because he lives with, in and for Jesus Christ.

In Christ, Life has meaning—even the sufferings of life.

Yes, Paul does say “for me …death is gain.”

But not as an embrace of suicide, or escaping,

            but as an acknowledgement that all of us will die someday,

            and when God calls us home in His time

            then our joy in Christ will be complete in heaven.

If, that is, our life in this world is about Christ.

If everything we do is with and for Him, As St Paul says:

            “If I go on living in the flesh, that means fruitful labor for me.

Some say, but Father, what about all these problems?

What does Christ have to do with this?

And how can I trust Him to help me?

Some even say, how can there be a loving God, as Jesus says,

            when all these things are going wrong in my life?

Sometimes it is hard to figure all this out.

But I think of my parents, and how, when I was a little child

            they would make me do so many things I didn’t want to do,

            and even punish me when I didn’t do them.

How they made me eat food I didn’t like, take medicine that tasted terrible,

            go to school every single day,

            and push myself to study and take on one challenge after another.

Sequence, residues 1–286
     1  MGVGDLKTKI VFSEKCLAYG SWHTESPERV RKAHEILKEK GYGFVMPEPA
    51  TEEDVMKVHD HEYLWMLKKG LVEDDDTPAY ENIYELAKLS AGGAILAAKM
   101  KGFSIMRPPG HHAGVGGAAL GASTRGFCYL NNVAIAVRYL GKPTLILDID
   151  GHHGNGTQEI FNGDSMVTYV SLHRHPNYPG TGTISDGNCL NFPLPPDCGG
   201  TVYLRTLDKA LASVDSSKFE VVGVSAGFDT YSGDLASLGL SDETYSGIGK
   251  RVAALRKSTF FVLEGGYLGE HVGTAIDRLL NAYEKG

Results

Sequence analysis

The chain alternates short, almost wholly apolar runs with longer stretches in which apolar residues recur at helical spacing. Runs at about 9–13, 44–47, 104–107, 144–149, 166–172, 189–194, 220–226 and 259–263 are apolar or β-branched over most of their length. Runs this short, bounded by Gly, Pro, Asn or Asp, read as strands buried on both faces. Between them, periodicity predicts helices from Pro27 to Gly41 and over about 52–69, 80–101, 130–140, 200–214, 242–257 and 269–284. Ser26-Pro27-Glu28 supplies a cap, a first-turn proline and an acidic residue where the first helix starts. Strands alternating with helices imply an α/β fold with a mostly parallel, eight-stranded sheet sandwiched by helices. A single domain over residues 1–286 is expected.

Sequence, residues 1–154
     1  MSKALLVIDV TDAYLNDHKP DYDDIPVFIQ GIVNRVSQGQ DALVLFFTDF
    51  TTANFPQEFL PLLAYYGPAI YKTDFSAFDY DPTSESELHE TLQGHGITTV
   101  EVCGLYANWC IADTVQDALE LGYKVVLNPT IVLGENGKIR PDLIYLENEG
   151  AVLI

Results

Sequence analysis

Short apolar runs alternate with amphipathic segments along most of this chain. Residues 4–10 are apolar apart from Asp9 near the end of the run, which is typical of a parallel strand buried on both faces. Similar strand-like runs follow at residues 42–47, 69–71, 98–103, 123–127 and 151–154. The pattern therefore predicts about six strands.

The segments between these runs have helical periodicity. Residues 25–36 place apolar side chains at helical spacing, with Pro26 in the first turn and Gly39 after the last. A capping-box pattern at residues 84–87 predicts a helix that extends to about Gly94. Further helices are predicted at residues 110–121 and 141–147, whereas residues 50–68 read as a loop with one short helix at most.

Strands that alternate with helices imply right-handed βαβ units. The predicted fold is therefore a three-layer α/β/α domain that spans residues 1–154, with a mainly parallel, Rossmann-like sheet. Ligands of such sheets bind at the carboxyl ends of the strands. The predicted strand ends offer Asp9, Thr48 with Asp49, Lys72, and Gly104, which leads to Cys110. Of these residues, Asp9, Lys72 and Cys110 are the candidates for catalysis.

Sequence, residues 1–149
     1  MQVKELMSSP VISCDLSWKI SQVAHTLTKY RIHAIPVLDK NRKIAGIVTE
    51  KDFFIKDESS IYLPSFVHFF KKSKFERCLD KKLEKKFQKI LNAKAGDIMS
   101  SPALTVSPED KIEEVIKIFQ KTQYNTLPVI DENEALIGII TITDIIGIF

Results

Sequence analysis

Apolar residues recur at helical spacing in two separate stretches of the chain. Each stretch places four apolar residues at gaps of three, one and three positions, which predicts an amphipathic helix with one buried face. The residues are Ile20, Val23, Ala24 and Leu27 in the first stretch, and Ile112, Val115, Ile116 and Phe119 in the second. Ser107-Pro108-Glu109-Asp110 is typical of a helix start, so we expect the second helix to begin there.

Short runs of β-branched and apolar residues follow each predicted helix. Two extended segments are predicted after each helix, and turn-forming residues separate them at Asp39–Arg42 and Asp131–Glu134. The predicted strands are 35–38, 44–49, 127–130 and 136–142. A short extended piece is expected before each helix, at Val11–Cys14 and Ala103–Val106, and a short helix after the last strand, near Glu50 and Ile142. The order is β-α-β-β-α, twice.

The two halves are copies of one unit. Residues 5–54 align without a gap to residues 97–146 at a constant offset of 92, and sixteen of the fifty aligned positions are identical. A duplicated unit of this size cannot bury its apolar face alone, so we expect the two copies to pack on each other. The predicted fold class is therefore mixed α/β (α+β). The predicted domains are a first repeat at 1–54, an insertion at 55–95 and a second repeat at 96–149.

And I would complain, even cry and even fight back.

And they would just say, sometimes patiently, sometimes not so patiently,

            “trust us, we know what’s best, this is for your own good.”

Looking back now I see how they had a plan,

            and that plan involved a lot of hard work and sacrifice on my part

            —and a lot of hard work and sacrifice on their part,

                        between dealing with my complaining,

                        helping me with homework and sports,

                        and working at jobs they didn’t like so they could afford

                        to keep the plan moving forward.

But they saw that plan in a way I couldn’t see it, from a different perspective.

Now I look back and see, wow, they were a lot smarter than I thought,

            and they loved me a lot more than I knew.

God has a different perspective too, and so He says [in today’s first reading]:

            “my thoughts are not your thoughts,

                        nor are your ways my ways, says the LORD.

            As high as the heavens are above the earth,

                        so high are my ways above your ways